“Marijuana Vaporizer.”  MarijuanaVaporizer.com. 1996. Web. 03 April, 2012.

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3 Responses to Rebuttal Essay – Ally Hodgson

  1. allyhodgson93 says:

    can I have feedback on this paper?

  2. davidbdale says:

    This is pretty messy, Ally. It starts with two paragraphs of definition essay material that don’t need to be here at all. Any information we need from them can be delivered when it’s really needed inside your rebuttals, but I’m not sure much of it is all that essential.

    The value of the third paragraph would be to establish that the placement in Schedule 1 was not well considered in the first place, and that the only reason it’s still there is government stubbornness.

    And THAT, it seems, is where your rebuttal argument should pivot. I’ll get back to that in a bit.

    The paragraph about chemicals in weed and tobacco is not effective because it makes several serious errors of its own. It compares apples (carcinogenic hydrocarbons) to fruit (chemicals). It’s completely possible that tobacco could have 4000 chemicals but still have fewer carcinogenic hydrocarbons than pot smoke. Just as importantly, your evidence comes not from scientific sources we can trust, but from advocacy websites with axes to grind. Only one is pot, but they both want to call the kettle black.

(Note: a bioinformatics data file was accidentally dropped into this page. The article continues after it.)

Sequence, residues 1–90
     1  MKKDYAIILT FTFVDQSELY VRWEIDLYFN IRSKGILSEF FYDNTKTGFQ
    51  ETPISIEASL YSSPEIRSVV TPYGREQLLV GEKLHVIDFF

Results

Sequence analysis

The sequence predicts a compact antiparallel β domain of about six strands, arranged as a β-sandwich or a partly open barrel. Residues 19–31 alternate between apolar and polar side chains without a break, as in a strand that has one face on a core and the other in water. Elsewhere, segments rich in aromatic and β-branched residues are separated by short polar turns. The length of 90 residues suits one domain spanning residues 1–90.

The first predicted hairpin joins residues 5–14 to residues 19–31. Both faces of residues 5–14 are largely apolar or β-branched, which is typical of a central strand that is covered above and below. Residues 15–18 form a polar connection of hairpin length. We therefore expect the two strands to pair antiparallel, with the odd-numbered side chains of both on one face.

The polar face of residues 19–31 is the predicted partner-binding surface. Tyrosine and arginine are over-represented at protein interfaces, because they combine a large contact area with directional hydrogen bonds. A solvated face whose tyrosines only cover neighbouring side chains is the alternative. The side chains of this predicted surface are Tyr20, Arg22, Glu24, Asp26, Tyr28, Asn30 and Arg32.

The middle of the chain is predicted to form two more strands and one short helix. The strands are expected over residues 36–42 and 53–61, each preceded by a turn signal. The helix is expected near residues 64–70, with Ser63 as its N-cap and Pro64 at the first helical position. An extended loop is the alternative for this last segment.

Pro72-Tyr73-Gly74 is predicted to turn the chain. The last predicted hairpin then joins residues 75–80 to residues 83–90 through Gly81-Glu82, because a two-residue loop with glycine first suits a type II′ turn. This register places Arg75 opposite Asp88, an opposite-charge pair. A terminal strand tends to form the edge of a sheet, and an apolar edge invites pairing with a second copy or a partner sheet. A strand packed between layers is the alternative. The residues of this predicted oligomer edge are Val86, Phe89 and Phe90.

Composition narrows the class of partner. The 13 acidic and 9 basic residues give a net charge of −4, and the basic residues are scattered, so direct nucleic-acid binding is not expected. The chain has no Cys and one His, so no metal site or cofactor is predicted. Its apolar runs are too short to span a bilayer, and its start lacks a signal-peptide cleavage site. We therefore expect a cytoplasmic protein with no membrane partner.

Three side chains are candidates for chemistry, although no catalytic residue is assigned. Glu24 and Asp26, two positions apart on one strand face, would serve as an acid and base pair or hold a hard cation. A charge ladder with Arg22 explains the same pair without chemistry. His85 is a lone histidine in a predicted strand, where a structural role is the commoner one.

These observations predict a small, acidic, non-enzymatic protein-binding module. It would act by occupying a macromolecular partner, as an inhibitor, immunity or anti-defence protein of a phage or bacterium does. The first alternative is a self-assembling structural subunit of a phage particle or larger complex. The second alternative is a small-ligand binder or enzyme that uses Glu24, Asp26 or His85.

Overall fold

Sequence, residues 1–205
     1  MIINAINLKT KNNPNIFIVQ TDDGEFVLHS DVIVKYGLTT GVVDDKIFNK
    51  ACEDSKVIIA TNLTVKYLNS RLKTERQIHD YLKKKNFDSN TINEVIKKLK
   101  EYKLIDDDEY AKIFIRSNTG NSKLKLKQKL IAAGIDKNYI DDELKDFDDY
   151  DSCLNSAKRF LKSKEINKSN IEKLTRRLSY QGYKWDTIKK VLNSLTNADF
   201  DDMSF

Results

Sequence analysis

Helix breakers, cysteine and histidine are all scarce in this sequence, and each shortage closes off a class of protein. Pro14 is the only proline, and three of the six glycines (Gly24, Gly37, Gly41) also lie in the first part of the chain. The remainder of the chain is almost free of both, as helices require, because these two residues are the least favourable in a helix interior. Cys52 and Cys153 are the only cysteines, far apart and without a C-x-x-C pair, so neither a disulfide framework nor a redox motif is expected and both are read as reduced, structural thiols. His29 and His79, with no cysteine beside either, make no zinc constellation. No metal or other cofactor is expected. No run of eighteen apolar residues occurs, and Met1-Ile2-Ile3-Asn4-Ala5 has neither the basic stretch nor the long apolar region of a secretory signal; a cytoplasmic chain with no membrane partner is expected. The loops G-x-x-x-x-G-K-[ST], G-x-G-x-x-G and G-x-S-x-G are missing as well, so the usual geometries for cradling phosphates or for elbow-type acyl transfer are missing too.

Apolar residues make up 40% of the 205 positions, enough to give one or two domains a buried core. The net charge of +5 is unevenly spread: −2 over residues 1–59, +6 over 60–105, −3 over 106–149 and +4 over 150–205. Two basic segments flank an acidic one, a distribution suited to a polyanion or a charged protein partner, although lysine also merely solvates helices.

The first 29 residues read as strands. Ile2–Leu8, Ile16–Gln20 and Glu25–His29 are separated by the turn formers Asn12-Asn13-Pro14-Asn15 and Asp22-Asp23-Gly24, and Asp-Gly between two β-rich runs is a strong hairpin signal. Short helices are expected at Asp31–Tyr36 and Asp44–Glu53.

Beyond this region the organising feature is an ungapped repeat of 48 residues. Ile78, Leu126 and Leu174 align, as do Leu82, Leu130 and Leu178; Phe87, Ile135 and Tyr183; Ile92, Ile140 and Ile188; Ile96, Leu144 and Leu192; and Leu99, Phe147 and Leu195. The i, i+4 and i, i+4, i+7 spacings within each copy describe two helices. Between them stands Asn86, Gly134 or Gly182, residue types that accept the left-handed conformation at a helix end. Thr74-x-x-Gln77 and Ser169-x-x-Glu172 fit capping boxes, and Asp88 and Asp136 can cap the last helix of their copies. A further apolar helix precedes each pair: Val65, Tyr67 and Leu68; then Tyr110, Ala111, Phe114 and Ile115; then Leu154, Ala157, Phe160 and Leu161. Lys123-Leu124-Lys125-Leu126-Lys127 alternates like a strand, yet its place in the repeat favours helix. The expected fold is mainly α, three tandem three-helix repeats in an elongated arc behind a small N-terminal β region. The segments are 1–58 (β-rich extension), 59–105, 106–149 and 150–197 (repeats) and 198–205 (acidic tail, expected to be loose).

You do offer a good rebuttal to the argument often made that marijuana can’t be medicinal if smoking it is so hazardous. The vaporizer alternative is nice, but it can’t be prescribed. If the beneficial medicinals could be prescribed in tablet form, you could assure that it wouldn’t be smoked, but not if you dispense it as green leaves. They may be right, Ally, but you can’t really call the claim about eliminating health problems credible when it comes from vaporizer merchants.

    The quote from soberrecovery.com is unintelligible. I literally cannot figure out what it’s supposed to mean. I think the authors must have mis-quoted a source. To use this material, Ally, you’ll have to find the original statement from the FDA. “Carry the medical use” has no meaning in English. Meanwhile, you quote from drugabuse.gov, but don’t name the article in your Works Cited, so we can’t check its accuracy. Are you consciously claiming that “advocates against marijuana,” that is to say opponents of marijuana use, are making claims in favor of cannabis’s therapeutic benefits? Very confusing.